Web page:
Trade union federation TUC announces resistance to anti-strike laws

Specifically, it is about the new anti-strike laws, which have been in force since the summer and require employees to ensure a minimum supply in key sectors even during strikes. The TUC trade union association sees this as an inadmissible restriction on the right to strike.

Prime Minister Rishi Sunak’s government insists that the stricter rules are necessary to protect the population. The background to the dispute is the mass strikes by railway workers, nurses, doctors and teachers in Great Britain that have been going on for more than a year and have repeatedly brought many public services to a standstill.

According to calculations by the Resolution Foundation think tank, the British economy has lost around four million working days due to industrial disputes in the past twelve months. Public sector employees are demanding compensation for the high inflation, which until recently was almost ten percent, but has now fallen to 6.8 percent. The government considers this to be unaffordable given tight budgets.

“The ILO has already slapped the British government in the face and called on it to ensure that existing and future laws are in line with ILO standards,” said TUC boss Paul Nowak at his organization’s trade union conference in Liverpool. “These laws are not intended to resolve workplace conflicts, but rather to escalate them. They are unworkable, undemocratic and certainly violate international law.”

The government sees it completely differently: “The purpose of this legislation is to protect the lives and livelihoods of the general public and to ensure that they continue to have access to vital public services during a strike,” said a government spokesman, justifying the new laws.

Unions are threatened with claims for damages

For paramedics, firefighters and railway workers, the rules should also be enforced despite resistance from employees. Anyone who violates this must expect labor law sanctions up to and including dismissal. The unions involved are threatened with lawsuits for damages. For other services such as education and health care, the government hopes to reach voluntary agreements with workers.

However, it doesn’t look like that at the moment. The TUC wanted its members to vote on Monday, at the request of the RMT transport workers’ union, on a campaign calling on unionists to oppose the new rules.

“If the first worker is fired because he refuses to work on a strike day, we will fight in the factories and on the picket lines,” said TUC leader Nowak on Monday.

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Most recently, railway workers shut down rail traffic in many parts of Great Britain on September 2nd in order to enforce higher wages. They are now threatening to make it more difficult to travel to the Tories’ party conference at the beginning of October with strikes.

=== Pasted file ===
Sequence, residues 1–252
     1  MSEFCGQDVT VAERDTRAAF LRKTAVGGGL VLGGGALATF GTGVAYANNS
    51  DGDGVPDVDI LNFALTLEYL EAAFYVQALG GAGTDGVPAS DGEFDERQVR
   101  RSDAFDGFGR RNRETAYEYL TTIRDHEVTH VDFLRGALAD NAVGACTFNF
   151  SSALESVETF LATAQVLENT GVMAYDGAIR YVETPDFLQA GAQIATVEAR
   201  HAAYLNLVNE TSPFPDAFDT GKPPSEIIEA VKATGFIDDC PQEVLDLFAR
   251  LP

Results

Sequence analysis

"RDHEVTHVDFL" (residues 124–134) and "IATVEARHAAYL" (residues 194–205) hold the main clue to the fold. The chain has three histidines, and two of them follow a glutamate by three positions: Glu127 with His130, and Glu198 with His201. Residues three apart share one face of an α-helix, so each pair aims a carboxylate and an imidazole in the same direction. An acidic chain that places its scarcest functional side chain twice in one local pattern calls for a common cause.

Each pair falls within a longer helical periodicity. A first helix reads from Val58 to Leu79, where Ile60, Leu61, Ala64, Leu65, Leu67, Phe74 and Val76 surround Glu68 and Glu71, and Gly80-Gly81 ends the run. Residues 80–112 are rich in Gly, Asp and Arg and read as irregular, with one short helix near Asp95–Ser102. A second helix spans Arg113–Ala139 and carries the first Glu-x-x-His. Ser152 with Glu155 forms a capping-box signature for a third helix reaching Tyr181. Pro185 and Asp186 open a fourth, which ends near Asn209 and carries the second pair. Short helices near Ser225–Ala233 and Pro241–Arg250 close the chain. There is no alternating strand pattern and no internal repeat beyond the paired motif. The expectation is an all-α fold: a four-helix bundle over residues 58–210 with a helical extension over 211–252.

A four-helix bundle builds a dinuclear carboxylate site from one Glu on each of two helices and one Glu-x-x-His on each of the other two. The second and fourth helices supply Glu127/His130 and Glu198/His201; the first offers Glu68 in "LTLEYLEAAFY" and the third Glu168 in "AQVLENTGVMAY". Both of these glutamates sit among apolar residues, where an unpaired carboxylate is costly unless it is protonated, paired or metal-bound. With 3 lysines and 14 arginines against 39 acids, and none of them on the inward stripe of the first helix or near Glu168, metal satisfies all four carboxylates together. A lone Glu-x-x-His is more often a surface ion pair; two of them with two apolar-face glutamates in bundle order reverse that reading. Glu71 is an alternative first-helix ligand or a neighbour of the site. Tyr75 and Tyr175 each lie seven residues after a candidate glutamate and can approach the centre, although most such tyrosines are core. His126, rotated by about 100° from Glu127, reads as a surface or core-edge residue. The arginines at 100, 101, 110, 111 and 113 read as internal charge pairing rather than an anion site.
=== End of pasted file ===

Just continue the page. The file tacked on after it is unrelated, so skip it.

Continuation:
Labor party moves further into the political center

Before its annual meeting, the TUC had already intensified the conflict with the government and discussed a wealth tax for the 140,000 richest Britons. However, the trade union federation cannot expect support for the controversial proposal from the Labor Party, which is traditionally closely linked to the trade unions. Rachel Reeves, who is set to become finance minister if the Labor Party, which is well ahead in the polls, wins the election, has so far rejected such plans.

The relationship between the unions and Labor has cooled noticeably. Sharon Graham, general secretary of Britain’s second largest union Unite, warned Labor leader Keir Starmer in the summer not to view support for workers’ organizations as a “blank cheque”.

Labor leader Keir Starmer and deputy Angela Rayner

The party recently collected more donations from entrepreneurs than from unions.

(Photo: AP)

Starmer previously drew the ire of many unionists when he told Labor MPs not to picket the mass strikes. The opposition leader wants to free his party from the socialist image that his predecessor Jeremy Corbin gave the Labor Party.

Starmer, on the other hand, would like to move Labor more towards the political center, following the example of former British Prime Minister Tony Blair, in order to improve his chances in the general elections expected to take place next year. The Labor leader met union leaders on Monday evening.

Supermarket owner Sainsbury donates to Labor

Labor is also no longer as financially dependent on union donations as it used to be. According to the Electoral Commission, the party achieved record revenues of 10.4 million pounds (around 12 million euros) in the second quarter of 2023.

The two largest individual donations came from entrepreneurs David Sainsbury (three million pounds) and Gary Lubner (2.2 million pounds). The owner of the supermarket chain Sainsbury’s stopped making donations during the Corbyn era. Labor received a total of £2.7m from unions in the three months to June.

More: British government makes peace offer to unions

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